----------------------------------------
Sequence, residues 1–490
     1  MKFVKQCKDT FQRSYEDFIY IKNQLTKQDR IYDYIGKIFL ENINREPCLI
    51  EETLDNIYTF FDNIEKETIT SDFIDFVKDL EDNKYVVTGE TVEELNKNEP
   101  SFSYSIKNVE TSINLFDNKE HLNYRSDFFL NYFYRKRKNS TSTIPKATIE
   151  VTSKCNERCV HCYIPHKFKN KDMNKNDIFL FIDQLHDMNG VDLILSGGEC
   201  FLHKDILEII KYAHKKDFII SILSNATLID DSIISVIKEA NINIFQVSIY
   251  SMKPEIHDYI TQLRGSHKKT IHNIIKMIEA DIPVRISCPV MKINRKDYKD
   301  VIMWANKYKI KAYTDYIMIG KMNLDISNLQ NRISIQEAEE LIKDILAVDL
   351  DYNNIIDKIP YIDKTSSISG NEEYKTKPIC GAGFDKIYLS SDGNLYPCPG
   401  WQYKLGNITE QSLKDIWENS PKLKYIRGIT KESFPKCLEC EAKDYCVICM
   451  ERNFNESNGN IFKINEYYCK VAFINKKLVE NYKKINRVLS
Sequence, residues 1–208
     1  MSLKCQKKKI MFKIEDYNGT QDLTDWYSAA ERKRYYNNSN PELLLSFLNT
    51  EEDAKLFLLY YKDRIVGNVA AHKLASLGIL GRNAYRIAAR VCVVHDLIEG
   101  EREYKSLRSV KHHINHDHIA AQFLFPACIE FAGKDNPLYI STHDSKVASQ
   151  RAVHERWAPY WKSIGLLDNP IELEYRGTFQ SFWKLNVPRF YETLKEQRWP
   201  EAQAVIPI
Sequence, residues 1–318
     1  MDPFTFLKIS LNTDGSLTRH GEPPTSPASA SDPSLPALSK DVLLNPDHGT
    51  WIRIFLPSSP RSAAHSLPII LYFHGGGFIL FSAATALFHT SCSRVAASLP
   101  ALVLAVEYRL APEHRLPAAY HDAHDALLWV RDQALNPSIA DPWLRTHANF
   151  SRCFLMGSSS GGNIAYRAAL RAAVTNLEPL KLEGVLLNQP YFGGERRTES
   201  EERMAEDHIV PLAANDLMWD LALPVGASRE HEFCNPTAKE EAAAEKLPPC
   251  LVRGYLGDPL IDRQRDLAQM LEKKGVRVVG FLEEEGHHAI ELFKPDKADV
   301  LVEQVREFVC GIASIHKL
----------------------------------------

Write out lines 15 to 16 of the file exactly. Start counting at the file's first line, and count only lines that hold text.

   101  EREYKSLRSV KHHINHDHIA AQFLFPACIE FAGKDNPLYI STHDSKVASQ
   151  RAVHERWAPY WKSIGLLDNP IELEYRGTFQ SFWKLNVPRF YETLKEQRWP